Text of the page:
Hemosuccus Pancreaticus from a Large Splenic Artery Pseudoaneurysm causing Gastrointestinal Bleed: A case report
Hemosuccus pancreaticus from a splenic artery pseudoaneurysm due to complicating chronic pancreatitis
A 69-year-old female with a history of alcohol abuse and chronic pancreatitis presented to the emergency room with diaphoresis and pallor. On initial evaluation, blood pressure was 81/47 mmHg, heart rate 140 beats per minute, and hemoglobin 7.3 grams/deciliter. Shortly following admission to the intensive care unit, she suffered a bout of hematemesis. Enteric tube aspiration revealed coffee-ground emesis and emergent upper endoscopy showed multiple clean-based duodenal ulcers with no source of active bleeding. Two days later, the patient developed large amounts of melanotic stool and had another episode of hematemesis. Non-contrast CT (Figures 1A, 1B, and 1C) identified pancreatic calcifications consistent with chronic pancreatitis and a well-circumscribed hypodensity occupying the expected location of the pancreatic tail. Contrast-enhanced CT (Figures 1D, 1E, and 1F) demonstrated arterial phase enhancement of the lesion with a focus of contrast blush posteriorly suggesting active hemorrhage. Ultrasound depicted the classically described yin-yang sign with a to-and-fro color flow pattern (Figure 2) of pseudoaneurysm . In the Interventional Radiology Suite, a conventional angiogram and diagnostic celiac arteriogram (Figure 3) confirmed the pseudoaneurysm arising from the splenic artery. The splenic artery distal to the aneurysm was cannulated with a 2.4 French microcatheter. Two detachable coils (4 mm x 13 cm and 3 mm x 8 cm) were deployed within it (Figure 4). Following this, the pseudoaneurysm was accessed (Figure 5a), into which 8 additional coils were deployed (four 20 mm x 40 cm, three 16mm x 39cm, and one 18 mm x 36 cm). Further detachable coil placement was attempted to achieve maximal packing density, however, efforts were abandoned given significant tension within the coaxial catheter system. The microcatheter was then retracted to the neck of the pseudoaneurysm, and a coil was deployed from the aneurysm sac across the neck into the narrowed/irregular pre aneurysmal splenic artery. Three additional microcoils were deployed into the inflow proximal splenic artery (4 mm x 13 cm). Post embolization angiogram of the celiac artery demonstrated no flow into the splenic artery or pseudoaneurysm sac (Figure 5b).
Splenic artery pseudoaneurysm formation can occur as a sequela of pancreatitis, trauma, procedural intervention, and peptic ulcer disease . A common life-threatening complication of pseudoaneurysm is massive hemorrhage secondary to rupture, which can occur into any adjacent structures such as the bowel, biliary system, thorax, peritoneum, or the spleen . Given clinical symptoms of upper GI bleeding, the final presumed diagnosis in our case was hemosuccus pancreaticus--hemorrhage from the pancreatic duct into the GI tract-- secondary to pseudoaneurysm rupture. Pseudoaneurysm refers to an arterial wall injury and resulting communication of arterial-pressure blood with an adjacent sac. The sac-like structure can be contained by the arterial media, adventitia, or simply the surrounding soft tissue structures . Pancreatitis is the most common underlying cause of splenic artery pseudoaneurysm, the leading proposed mechanism being pancreatic enzyme autodigestion of surrounding vasculature . Other less common etiologies include trauma, iatrogenic etiologies such as ERCP, surgery, percutaneous biopsy or drainage, and peptic ulcer disease [2, 3]. Mortality associated with the rupture of pseudoaneurysms approaches 100% . On CT angiography, splenic artery pseudoaneurysms appear as a focus of contained active hemorrhage which follows the blood pool in density and remains contained on delayed phases . Conventional digital subtraction angiography provides confirmation and allows real-time visualization contrast extravasation and collateral blood supply. Hemosuccus pancreaticus is a rare phenomenon, representing only approximately 1/1500 cases of gastrointestinal bleeding , but carries an approximate 90% mortality rate with supportive therapy alone . CT angiography is useful in identifying culprit pseudoaneurysms and pseudocysts, and can also rarely demonstrate hyperdense blood products in the pancreatic duct. If clinically indicated, ERCP can provide a definitive diagnosis with direct visualization of blood products exiting the ampulla of Vater. Upper endoscopy was unrevealing in our case, unfortunately, perhaps because a sidescope was not used per the gastroenterologist. Significant decrease in morbidity and mortality has been shown with transcatheter embolization of pseudoaneurysms as opposed to traditional surgical techniques [8, 9]. Several endovascular techniques are described, the most common methods being coil embolization or treatment with catheter-directed embolic material. In cases where extensive collateral blood supply is present, a “sandwich” coil embolization method is preferred in order to prevent continued retrograde flow to the pseudoaneurysm which could result in the continued growth and contribute to the risk of rupture. The afferent and efferent blood supplied are embolized, with or without embolization of the lesion itself. In contrast, a pseudoaneurysm in an expendable end artery may be tr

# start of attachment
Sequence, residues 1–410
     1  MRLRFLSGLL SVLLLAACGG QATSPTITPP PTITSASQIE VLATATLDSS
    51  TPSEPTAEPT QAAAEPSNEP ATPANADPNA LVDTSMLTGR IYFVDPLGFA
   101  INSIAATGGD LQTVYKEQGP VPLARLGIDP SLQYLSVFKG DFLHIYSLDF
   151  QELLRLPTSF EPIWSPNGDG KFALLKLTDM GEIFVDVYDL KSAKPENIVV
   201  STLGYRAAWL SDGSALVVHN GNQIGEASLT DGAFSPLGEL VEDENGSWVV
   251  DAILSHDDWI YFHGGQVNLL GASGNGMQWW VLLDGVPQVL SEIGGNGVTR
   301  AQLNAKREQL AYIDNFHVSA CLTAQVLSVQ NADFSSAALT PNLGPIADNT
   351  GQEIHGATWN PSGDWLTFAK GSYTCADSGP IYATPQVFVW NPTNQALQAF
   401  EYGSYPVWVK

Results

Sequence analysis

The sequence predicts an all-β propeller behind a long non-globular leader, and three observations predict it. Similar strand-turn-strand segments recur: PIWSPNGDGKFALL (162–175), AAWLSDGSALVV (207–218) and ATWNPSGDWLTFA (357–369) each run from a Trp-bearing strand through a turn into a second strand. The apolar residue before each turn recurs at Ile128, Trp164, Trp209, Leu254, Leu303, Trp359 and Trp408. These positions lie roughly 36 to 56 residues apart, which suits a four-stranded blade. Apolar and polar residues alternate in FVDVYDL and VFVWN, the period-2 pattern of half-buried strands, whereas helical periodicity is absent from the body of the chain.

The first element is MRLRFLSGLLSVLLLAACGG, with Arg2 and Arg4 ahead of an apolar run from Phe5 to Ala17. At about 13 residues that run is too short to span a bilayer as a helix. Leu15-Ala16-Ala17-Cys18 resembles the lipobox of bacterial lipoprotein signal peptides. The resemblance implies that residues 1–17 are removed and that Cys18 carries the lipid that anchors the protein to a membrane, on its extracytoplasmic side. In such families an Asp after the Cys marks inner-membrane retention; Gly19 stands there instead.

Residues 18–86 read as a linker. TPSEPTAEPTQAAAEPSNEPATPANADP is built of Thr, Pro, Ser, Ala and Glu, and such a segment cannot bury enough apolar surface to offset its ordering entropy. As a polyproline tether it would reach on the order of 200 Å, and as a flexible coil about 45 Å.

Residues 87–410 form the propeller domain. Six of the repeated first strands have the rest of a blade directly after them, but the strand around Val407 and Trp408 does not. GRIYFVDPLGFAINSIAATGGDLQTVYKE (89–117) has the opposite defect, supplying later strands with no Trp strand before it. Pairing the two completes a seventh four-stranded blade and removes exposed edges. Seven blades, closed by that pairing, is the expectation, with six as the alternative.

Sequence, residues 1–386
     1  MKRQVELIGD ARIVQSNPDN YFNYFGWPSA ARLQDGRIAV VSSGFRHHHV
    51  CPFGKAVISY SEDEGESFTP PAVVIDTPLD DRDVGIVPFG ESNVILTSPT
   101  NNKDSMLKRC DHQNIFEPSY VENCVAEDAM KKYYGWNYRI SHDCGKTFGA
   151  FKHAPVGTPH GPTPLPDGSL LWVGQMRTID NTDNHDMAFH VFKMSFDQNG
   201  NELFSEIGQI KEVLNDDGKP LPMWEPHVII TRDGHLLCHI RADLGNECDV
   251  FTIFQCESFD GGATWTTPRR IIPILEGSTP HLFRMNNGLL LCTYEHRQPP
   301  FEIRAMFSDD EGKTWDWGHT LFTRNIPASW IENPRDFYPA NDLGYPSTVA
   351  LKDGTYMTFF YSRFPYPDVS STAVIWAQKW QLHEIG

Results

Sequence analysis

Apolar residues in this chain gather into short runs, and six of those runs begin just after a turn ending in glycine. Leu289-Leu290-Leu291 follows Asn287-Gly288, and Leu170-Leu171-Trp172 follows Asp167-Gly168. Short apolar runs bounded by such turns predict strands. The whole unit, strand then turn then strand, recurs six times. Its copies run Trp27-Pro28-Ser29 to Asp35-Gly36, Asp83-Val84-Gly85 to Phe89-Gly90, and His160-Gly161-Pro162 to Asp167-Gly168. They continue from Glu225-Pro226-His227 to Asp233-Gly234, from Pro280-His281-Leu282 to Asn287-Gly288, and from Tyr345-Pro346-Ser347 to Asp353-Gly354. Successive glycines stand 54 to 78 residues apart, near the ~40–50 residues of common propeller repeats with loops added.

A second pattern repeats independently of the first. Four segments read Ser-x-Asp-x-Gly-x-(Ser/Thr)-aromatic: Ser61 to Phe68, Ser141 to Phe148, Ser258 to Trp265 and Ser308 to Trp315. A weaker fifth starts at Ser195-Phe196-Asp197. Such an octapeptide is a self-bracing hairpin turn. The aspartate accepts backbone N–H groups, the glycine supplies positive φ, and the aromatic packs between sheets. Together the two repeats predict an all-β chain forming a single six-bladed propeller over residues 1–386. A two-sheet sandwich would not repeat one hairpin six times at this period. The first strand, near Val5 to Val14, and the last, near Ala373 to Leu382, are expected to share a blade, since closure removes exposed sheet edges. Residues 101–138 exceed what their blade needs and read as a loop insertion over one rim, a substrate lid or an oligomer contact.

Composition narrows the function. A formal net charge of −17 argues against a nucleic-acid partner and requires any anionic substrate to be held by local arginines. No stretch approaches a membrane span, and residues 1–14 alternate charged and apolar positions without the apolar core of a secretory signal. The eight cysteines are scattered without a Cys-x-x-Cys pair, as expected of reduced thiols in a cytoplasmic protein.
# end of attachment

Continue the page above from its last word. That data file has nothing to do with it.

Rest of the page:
Splenic artery pseudoaneurysm is identified on cross-sectional imaging as a contained focus of contrast extravasation and on ultrasound as the classical yin-yang flow appearance with a “to-and-fro” doppler waveform. Pseudoaneurysm rupture is a life-threatening complication with an extremely high mortality rate. Hemosuccus pancreaticus is a term used to describe hemorrhage from the pancreatic duct into the duodenum via the ampulla.